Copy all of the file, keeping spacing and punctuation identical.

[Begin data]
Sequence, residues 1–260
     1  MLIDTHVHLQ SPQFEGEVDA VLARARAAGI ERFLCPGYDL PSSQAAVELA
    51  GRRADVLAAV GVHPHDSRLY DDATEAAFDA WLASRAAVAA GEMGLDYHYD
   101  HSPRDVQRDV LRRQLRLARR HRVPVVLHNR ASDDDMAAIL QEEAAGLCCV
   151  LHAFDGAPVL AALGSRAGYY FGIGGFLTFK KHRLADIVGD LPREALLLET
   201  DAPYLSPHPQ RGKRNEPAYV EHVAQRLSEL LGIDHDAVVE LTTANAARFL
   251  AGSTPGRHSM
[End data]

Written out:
Sequence, residues 1–260
     1  MLIDTHVHLQ SPQFEGEVDA VLARARAAGI ERFLCPGYDL PSSQAAVELA
    51  GRRADVLAAV GVHPHDSRLY DDATEAAFDA WLASRAAVAA GEMGLDYHYD
   101  HSPRDVQRDV LRRQLRLARR HRVPVVLHNR ASDDDMAAIL QEEAAGLCCV
   151  LHAFDGAPVL AALGSRAGYY FGIGGFLTFK KHRLADIVGD LPREALLLET
   201  DAPYLSPHPQ RGKRNEPAYV EHVAQRLSEL LGIDHDAVVE LTTANAARFL
   251  AGSTPGRHSM